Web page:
One of the Worst Diet Mistakes
Ready to get lean? Believe it or not, one of the worst mistakes you can make is to eat too FEW calories early into your cutting plan.
First let’s differentiate between a fat loss blitz and a more traditional approach. The former refers to using extreme measures to lose as much fat/weight as possible in a very short period of time. Normally two to four weeks.
If those measures are sustained for longer, bad things happen: libido drops, hormones levels get messed up, and metabolic adaptations occur that make fat regain likely. Your physical and mental performance will drop significantly too.
This strategy is for extreme situations only. For example, it could be used by an extremely obese person who has to drop as much weight as possible in a few weeks to be allowed to get a surgery more safely. It could also be used by physique competitors at the tail-end of their prep. They might need extreme measures to drop down to the level of body fat that’s required for competition.
What YOU Should Do
Most people should use a more gradual approach: spending 8-16 weeks to drop fat without negatively affecting health or well-being.
For the gradual fat loss approach, one of the worst mistakes is to start out too aggressively by cutting calories too much. There is such a thing as metabolic adaptation: after a period on a certain caloric intake, your body will adapt and initiate “countermeasures” that’ll make it harder to keep losing fat.
For example, leptin levels will decrease which will increase your hunger and cravings – your body is trying to force you to eat more calorie-dense foods. Lowering leptin will also increase depression symptoms – one of the reasons people feel bad when they diet too hard for too long. Those depression symptoms might lead to “hedonic binge eating” to get a pleasure response and pull us out of that depression state. Decreasing leptin might also lead to a lowered metabolic rate.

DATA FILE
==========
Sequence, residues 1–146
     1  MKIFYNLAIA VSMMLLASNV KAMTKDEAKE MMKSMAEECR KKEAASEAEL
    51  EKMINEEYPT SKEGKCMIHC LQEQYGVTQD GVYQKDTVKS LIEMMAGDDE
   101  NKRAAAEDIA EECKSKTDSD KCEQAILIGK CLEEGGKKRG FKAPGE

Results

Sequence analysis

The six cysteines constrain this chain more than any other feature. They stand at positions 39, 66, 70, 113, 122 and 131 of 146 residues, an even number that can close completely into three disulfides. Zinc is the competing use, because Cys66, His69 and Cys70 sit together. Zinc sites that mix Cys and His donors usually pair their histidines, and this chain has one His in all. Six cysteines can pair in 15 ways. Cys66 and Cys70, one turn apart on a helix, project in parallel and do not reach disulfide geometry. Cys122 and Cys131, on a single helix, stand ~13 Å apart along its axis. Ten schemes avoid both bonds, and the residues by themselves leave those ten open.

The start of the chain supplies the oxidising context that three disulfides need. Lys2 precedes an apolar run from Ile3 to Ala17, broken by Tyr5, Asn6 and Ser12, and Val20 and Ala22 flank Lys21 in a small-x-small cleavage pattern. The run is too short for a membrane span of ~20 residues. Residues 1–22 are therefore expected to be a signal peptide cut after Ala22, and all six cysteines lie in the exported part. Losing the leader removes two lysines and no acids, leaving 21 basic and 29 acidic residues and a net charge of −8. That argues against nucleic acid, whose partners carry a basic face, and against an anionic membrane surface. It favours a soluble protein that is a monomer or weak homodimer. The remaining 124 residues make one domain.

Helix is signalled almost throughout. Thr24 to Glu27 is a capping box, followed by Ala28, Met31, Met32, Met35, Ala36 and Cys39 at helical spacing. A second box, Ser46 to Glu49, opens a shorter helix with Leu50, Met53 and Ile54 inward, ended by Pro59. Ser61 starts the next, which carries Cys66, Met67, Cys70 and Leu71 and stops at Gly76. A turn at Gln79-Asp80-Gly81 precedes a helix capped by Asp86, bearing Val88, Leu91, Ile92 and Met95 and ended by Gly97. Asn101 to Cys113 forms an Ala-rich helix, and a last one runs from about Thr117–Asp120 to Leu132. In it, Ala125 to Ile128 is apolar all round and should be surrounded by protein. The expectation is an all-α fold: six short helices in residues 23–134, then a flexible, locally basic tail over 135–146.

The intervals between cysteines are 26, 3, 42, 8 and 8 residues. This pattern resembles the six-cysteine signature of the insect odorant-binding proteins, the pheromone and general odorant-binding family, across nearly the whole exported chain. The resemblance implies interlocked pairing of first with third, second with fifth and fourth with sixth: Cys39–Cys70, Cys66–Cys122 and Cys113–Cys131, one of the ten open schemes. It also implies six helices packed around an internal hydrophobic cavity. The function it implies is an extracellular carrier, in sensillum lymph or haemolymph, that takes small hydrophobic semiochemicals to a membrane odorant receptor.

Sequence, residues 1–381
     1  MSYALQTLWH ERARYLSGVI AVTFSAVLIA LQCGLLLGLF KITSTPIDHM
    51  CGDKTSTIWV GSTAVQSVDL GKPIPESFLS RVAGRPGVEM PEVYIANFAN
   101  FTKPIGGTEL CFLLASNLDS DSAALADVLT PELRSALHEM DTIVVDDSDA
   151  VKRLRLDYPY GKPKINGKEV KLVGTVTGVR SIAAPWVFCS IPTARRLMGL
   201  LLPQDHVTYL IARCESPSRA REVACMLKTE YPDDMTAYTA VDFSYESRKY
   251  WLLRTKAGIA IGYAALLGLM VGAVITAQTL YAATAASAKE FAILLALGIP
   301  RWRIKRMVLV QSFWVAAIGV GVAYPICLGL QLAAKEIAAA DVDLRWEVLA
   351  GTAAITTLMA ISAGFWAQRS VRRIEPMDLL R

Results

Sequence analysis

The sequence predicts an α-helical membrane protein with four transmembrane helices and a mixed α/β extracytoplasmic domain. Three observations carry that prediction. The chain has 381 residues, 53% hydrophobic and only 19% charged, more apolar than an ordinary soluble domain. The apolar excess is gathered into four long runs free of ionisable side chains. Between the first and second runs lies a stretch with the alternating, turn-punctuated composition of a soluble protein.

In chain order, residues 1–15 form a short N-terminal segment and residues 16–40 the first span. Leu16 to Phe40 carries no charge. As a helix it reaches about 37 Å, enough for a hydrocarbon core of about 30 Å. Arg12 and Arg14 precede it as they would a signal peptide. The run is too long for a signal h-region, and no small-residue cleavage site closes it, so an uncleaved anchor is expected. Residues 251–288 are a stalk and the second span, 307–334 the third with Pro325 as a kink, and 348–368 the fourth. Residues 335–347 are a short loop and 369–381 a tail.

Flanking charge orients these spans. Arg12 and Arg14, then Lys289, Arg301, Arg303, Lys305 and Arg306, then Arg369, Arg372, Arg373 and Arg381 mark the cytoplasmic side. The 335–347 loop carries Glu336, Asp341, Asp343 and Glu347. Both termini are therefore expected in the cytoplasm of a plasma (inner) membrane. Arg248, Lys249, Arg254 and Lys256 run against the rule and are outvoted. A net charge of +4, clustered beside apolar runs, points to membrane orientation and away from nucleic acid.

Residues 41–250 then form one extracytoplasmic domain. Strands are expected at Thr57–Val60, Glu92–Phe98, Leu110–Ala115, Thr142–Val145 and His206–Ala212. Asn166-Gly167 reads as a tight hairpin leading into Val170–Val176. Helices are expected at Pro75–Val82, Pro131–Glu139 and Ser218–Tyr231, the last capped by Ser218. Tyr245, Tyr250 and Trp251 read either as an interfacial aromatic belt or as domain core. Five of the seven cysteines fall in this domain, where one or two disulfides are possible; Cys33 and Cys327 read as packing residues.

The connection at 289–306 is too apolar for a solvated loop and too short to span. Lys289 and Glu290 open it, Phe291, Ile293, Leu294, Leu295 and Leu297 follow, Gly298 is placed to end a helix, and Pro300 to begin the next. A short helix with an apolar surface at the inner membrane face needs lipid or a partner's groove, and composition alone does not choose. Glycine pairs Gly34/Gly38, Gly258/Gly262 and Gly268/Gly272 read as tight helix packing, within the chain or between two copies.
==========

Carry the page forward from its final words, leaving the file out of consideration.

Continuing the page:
The body will also increase ghrelin levels, which will dramatically increase hunger. Again, a strategy used by your body to trick you into eating more to get out of the perceived excessive deficit.
A Cortisol Conundrum
As a refresher, two of the main functions of cortisol are:
- Mobilizing stored energy when you need it
- Increasing blood sugar levels when they’re too low
The bigger the caloric deficit (especially if that deficit comes with super-low carbs), the more energy you need to mobilize, and the higher cortisol will be.
High cortisol is bad for muscle mass. So right off the bat it’s something you should try to avoid. But chronic cortisol elevation can also affect fat loss. When released at the right time, cortisol is actually a fat loss hormone, but if it becomes chronically elevated it can hurt your fat loss efforts.
Why? Because chronically elevated cortisol levels will lead to a decrease in T3 (a thyroid hormone) levels. And T3 levels play a huge role in how fast your metabolic rate is.
We have two main thyroid hormones: T4 and T3. T3 is the one that has a huge impact on metabolic rate. T4 not so much. The body doesn’t produce a lot of T3. It starts by producing T4 and then converts what it feels is “safe and needed” into T3. But chronically elevated cortisol will inhibit the conversion of T4 into T3.
So when cortisol is elevated acutely, then comes back down, it’s good for fat loss. But if it’s chronically elevated (like in period of excessive caloric restriction) it can decrease your metabolic rate, making it harder to establish a deficit and lose fat.
On top of that, low T3 is associated with low energy. So if it’s high for too long, you’ll not only have a lowered metabolic rate, but you’ll also feel lazy and move a lot less throughout the day, which means you’ll expend less energy.
If you’re too hasty with caloric restriction, you’ll eventually adapt to that level and fat loss will slow down or even stop. And then what are your options? Eat even less? Not smart if you’re already at the low end of your needs. Train more? Sure, but your body will adapt there too, and you’ll quickly be stuck without a way to keep progressing.
And remember, you’ll feel like crap, have cravings, experience depressive symptoms, and feel drained.
The Better Approach
Start with the smallest caloric deficit that’ll allow you to lose fat at an acceptable rate (around 2-3 pounds per week for most).
As fat loss slows, you’ll be able to gradually (keyword) lower caloric intake to continue progressing.